Tambourines: A Long Musical History

A member of the percussion family, tambourines historically have been made by mounting a single drum head (often of thin animal hide) onto a ring that has pairs of metal jingles laced around the drum sides. It should be noted, however, that not all tambourines use a drum head of leather or animal hide. In some instances, there are jingles strung across the center of the tambourine frame instead. The instrument was then used by either striking the drum head, shaking the jingles, or banging the instrument against a part of the body to get both a drum tone and jingles simultaneous.

Historically the tambourine has been identified in many forms of music including Persian, classical, gospel and pop music. The tambourine can be traced back to most ancient civilizations including India, China, Rome, Egypt and Greece where it was usually used during periods of celebration. Frame drums such as the tambourine as some of the most ancient percussion instruments identified. They originated in the ancient Middle East and ultimately reached medieval Europe. In fact, the tambourine began appearing in operas, ballets, and compositions more and more often throughout the 18th and 19th centuries. Used as an accompaniment to other musical instruments, or dancers, the tambourine has developed a huge following for use in spiritual or ritual activities even now.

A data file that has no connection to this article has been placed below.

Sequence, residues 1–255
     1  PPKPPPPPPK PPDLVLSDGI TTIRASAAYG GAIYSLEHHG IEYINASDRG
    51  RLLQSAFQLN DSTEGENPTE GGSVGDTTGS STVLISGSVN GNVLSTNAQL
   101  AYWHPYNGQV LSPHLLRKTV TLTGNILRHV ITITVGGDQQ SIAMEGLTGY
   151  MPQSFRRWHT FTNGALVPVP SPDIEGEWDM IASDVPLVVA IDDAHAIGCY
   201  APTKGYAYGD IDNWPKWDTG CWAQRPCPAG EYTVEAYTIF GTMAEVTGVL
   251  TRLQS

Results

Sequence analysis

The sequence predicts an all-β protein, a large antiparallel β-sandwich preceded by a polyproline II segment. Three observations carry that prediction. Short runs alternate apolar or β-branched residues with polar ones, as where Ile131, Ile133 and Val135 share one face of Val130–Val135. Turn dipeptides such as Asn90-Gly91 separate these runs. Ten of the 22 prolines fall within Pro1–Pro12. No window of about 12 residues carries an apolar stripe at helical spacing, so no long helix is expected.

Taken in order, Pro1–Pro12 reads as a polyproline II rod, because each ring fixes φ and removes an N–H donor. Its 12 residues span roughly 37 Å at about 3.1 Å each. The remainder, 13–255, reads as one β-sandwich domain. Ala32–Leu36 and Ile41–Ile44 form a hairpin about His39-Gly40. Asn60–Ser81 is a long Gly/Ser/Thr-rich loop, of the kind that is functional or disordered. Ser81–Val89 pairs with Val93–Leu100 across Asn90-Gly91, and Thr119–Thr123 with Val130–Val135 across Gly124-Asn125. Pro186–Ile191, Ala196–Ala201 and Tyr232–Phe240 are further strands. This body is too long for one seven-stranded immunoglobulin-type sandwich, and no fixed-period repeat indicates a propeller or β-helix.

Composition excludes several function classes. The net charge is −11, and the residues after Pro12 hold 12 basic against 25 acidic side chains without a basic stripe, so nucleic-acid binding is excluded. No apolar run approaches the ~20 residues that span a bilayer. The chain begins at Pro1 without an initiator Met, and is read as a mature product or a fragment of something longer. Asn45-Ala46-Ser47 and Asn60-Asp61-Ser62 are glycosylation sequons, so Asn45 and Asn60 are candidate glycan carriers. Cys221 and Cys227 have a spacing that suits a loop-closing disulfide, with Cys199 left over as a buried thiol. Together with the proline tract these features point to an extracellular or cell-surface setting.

Different countries have small differences in the construction of the instrument, but the basics remain generally the same. For example, the tambourine is related closely to the Riq used in countries including Egypt, Iraq, Syria, and other Arab countries. In Russia, the Ukraine, Slovia, Czechoslovakia, and Poland, it is referred to as a Buben. In the Balkans, Persia and Central Asian countries, the instrument is referred to as a Dajre. In South Indian societies the instrument is referred to as a Kanjira. All are equally accepted as an acoustic percussion instrument which has the primary use of maintaining rhythm and timbre within the musical piece during which it is being played.



Source by Gail Leino

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